And then there is painting. What a red rag is to a bull, Turner’s “Slave Ship” was to me, before I studied art. Mr. Ruskin is educated in art up to a point where that picture throws him into as mad an ecstasy of pleasure as it used to throw me into one of rage, last year, when I was ignorant. His cultivation enables him—and me, now—to see water in that glaring yellow mud, and natural effects in those lurid explosions of mixed smoke and flame, and crimson sunset glories; it reconciles him—and me, now—to the floating of iron cable-chains and other unfloatable things; it reconciles us to fishes swimming around on top of the mud—I mean the water. The most of the picture is a manifest impossibility—that is to say, a lie; and only rigid cultivation can enable a man to find truth in a lie. But it enabled Mr. Ruskin to do it, and it has enabled me to do it, and I am thankful for it. A Boston newspaper reporter went and took a look at the Slave Ship floundering about in that fierce conflagration of reds and yellows, and said it reminded him of a tortoise-shell cat having a fit in a platter of tomatoes. In my then uneducated state, that went home to my non-cultivation, and I thought here is a man with an unobstructed eye. Mr. Ruskin would have said: This person is an ass. That is what I would say, now.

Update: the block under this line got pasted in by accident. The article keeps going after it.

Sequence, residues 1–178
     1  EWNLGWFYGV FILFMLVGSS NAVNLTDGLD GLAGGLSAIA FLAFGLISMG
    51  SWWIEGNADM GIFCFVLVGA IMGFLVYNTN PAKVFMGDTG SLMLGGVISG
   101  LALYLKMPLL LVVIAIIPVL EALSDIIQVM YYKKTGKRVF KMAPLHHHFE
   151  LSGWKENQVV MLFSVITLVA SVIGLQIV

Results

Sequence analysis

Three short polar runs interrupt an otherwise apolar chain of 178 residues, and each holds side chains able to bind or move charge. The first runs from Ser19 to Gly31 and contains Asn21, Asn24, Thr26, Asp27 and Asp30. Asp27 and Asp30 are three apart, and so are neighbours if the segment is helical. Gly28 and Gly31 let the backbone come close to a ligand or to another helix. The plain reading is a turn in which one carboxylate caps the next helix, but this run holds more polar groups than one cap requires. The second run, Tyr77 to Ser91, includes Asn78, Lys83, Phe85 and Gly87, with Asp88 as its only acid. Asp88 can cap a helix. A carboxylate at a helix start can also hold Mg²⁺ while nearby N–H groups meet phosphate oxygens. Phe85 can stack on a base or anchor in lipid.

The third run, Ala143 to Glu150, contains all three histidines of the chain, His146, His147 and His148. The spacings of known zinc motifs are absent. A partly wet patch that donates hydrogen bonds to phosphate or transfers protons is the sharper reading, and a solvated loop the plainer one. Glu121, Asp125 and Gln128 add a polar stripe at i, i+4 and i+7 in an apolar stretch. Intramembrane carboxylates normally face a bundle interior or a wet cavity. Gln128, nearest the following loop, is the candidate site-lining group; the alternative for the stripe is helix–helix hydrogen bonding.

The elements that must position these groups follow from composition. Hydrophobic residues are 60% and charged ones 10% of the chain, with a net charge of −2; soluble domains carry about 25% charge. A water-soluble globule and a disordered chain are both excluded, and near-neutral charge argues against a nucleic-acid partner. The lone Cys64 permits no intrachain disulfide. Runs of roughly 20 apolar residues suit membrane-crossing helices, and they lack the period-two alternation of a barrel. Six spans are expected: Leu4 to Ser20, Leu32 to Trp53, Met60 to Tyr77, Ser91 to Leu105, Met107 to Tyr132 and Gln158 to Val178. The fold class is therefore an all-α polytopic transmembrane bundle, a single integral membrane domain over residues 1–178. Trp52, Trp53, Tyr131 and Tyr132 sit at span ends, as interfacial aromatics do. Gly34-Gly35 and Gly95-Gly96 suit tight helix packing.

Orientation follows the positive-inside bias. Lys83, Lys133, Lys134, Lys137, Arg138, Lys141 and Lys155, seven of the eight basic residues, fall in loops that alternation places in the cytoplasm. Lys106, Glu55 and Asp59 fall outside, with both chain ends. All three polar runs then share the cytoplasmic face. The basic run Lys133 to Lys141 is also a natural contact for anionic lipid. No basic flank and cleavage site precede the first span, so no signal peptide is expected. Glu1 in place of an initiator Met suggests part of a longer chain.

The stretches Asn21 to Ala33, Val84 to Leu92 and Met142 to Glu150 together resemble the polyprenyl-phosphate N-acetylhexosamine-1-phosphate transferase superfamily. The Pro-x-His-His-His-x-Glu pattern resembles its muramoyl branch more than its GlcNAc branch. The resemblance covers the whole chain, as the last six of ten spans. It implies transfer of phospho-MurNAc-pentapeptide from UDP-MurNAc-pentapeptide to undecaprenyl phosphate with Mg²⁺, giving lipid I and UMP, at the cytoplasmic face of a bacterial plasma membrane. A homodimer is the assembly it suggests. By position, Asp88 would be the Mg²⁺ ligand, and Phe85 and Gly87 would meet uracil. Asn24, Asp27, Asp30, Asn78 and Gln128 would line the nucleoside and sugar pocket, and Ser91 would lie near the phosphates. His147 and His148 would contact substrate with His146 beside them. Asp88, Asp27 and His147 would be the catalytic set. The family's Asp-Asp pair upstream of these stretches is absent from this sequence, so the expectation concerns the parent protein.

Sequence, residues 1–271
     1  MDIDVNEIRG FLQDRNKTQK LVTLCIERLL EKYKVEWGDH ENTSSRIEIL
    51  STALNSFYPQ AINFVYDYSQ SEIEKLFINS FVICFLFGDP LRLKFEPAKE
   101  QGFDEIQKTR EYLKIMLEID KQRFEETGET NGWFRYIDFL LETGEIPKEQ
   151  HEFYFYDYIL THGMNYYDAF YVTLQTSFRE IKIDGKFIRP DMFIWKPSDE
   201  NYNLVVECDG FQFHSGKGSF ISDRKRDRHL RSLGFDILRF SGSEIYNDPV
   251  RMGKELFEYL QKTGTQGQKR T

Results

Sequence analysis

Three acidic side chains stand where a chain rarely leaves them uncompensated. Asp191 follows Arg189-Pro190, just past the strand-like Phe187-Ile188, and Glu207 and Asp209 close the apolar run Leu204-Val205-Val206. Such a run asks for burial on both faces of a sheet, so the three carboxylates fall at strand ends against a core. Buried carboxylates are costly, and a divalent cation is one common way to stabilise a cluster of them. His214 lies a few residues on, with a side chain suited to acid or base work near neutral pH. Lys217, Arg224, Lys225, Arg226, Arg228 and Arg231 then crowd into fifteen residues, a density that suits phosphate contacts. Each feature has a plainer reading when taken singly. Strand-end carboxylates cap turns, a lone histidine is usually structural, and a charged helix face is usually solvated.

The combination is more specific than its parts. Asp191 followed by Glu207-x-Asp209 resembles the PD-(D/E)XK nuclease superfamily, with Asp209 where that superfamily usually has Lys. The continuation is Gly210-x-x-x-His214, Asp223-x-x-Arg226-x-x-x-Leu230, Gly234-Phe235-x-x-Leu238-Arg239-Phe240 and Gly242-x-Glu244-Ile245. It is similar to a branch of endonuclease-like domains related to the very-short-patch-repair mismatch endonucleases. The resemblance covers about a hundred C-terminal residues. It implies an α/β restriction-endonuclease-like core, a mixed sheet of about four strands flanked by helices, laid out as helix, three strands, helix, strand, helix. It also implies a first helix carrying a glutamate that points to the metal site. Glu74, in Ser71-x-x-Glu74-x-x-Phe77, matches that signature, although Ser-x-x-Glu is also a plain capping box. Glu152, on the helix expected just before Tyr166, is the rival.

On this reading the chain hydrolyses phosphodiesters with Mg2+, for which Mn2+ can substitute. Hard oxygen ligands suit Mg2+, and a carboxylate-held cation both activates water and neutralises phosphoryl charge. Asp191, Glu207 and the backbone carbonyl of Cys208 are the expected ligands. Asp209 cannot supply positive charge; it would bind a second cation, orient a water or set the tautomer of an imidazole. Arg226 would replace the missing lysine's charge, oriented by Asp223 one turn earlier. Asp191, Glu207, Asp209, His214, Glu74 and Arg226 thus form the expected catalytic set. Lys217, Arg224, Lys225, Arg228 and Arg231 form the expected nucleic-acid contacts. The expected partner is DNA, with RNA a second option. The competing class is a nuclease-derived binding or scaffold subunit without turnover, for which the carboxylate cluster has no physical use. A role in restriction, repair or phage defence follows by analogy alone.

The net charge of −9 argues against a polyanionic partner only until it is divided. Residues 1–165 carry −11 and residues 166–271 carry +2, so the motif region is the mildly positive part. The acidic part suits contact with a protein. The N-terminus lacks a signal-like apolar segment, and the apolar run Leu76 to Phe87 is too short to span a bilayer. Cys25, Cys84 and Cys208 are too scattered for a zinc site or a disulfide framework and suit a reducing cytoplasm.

Months after this was written, I happened into the National Gallery in London, and soon became so fascinated with the Turner pictures that I could hardly get away from the place. I went there often, afterward, meaning to see the rest of the gallery, but the Turner spell was too strong; it could not be shaken off. However, the Turners which attracted me most did not remind me of the Slave Ship.

A Tramp Abroad on Gutenberg.org:
Quote above near the end of Chapter XXIV (24), just search for “tortoise-shell”

The Slave Ship painting by Turner:
J.M.W. Turner, The Slave Ship (1840). Oil on canvas. 90.8 × 122.6 cm, Museum of Fine Arts, Boston.

chasingthesunChasing the Sun by Richard Cohen

Posted in Art, Color, natural history, optical illusion, Painting, Sun, Uncategorized | Tagged , , , | 1 Comment

Do Flat Earth Believers Have a Mental Flaw?

The funny — and very annoying — thing about conspiracy theorists is that they are willing to believe in an intricate and complicated fabrication far more complicated, and far less supported by any reasonable evidence, than is provided by standard scientific interpretation. Here is a brief excerpt from “Are Flat-Earthers Being Serious? | Flat Earth Society” on Livescience.com (click on the name for the full article):

“First, a brief tour of the worldview of a flat-earther: While writing off buckets of concrete evidence that Earth is spherical, they readily accept a laundry list of propositions that some would call ludicrous. The leading flat-earther theory holds that Earth is a disc with the Arctic Circle in the center and Antarctica, a 150-foot-tall wall of ice, around the rim. NASA employees, they say, guard this ice wall to prevent people from climbing over and falling off the disc.